June 13, 2015
I signed up for Apple’s News Publisher today. Why? Because when iOS9 debuts on millions of iPhones and iPads this fall, newsonaut will instantly be available to a massive new readership.
Of course, signing up was the easy part. Whether I gain anything from it remains to be seen. For a number a reasons, it seems worth a shot for any publisher — from lowly blogs like mine to some of the biggest in the industry.
In fact, Apple already has a bunch of major publishers on board, including The Economist, Vanity Fair, The New York Times and BuzzFeed.
What they gain is an appearance a new app that will be installed on every device that upgrades to iOS9. It will be called, simply, News. Readers are being promised beautifully presented articles about topics of their choice. And publishers will get 100 per cent of the revenue from ads they sell to go along with the articles. That amount is reduced to 70 per cent if Apple sells the ads for them.
Imagine a version of Flipboard, which is one of my favourite sources of news, but with a wider selection of sources and a richer presentation — i.e., more graphics and videos. If the app takes off, it could represent a good source of revenue for publishers and help them pay for better journalism.
It also represents a shift that has become apparent in the past few years toward what is being called distributed content. As explained by Nieman Lab:
Individual news apps and individual news brands aren’t the primary point of contact with news any more. They’re raw material, feeding into broader platforms. The loss of power for publishers in that exchange is obvious; the potential benefits remain mostly undiscovered.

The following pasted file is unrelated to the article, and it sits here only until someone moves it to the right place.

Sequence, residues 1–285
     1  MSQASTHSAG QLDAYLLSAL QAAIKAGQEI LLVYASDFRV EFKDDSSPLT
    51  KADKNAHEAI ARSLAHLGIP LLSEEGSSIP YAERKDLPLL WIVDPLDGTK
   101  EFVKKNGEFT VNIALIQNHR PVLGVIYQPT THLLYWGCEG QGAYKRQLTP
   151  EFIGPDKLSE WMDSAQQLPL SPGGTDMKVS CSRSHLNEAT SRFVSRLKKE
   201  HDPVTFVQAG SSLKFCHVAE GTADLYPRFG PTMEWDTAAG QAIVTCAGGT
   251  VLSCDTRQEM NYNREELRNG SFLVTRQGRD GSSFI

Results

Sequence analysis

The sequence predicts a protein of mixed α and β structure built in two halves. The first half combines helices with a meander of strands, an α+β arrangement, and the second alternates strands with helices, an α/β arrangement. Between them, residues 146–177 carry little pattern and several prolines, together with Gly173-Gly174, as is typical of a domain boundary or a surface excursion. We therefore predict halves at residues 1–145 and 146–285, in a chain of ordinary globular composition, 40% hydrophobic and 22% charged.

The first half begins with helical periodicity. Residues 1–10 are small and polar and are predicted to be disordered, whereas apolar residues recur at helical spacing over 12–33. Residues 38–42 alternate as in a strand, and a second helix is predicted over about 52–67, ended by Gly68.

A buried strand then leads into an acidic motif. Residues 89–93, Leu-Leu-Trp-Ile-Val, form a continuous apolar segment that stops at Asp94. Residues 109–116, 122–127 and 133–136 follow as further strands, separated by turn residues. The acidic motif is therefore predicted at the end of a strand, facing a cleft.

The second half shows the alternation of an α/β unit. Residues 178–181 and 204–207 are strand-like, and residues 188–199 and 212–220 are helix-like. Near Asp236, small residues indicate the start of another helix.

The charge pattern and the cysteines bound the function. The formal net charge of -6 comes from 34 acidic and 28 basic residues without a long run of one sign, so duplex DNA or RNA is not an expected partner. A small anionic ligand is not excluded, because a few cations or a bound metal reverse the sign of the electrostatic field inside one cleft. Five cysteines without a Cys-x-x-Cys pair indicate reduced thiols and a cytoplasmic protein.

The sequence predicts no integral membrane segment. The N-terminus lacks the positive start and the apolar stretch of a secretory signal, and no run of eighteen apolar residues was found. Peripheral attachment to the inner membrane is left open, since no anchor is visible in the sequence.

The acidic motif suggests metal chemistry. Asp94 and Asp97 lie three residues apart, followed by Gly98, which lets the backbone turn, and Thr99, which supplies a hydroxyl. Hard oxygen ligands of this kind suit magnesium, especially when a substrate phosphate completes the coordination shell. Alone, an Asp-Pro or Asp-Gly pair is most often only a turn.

One thing I’m not clear about is whether you will be able to choose individual publications to read, or whether you’ll just choose topics and have articles show up based on what the software thinks you’ll find most interesting. If that’s the case, the chances of newsonaut showing up in someone’s feed may be slim. Still, even a little extra exposure would be nice.
At Macworld, Glenn Fleishman says the app is going to be all about pushing content to readers. You won’t be able to pull in specifically what you want.
Apple is relying on machine learning to sort incoming articles into a million search terms and categories. Machine learning relies on massive datasets that allow neural-network software to be trained in subtleties and pull out patterns it can apply.
I can see where this would be troubling for smaller, struggling publishers. After all, how can they hope to get attention when there is a flood of content from much bigger competitors. I’m hoping Apple can get this sorted out, because in addition to keeping established voices viable, it would be in everyone’s interest to help nurture new ones.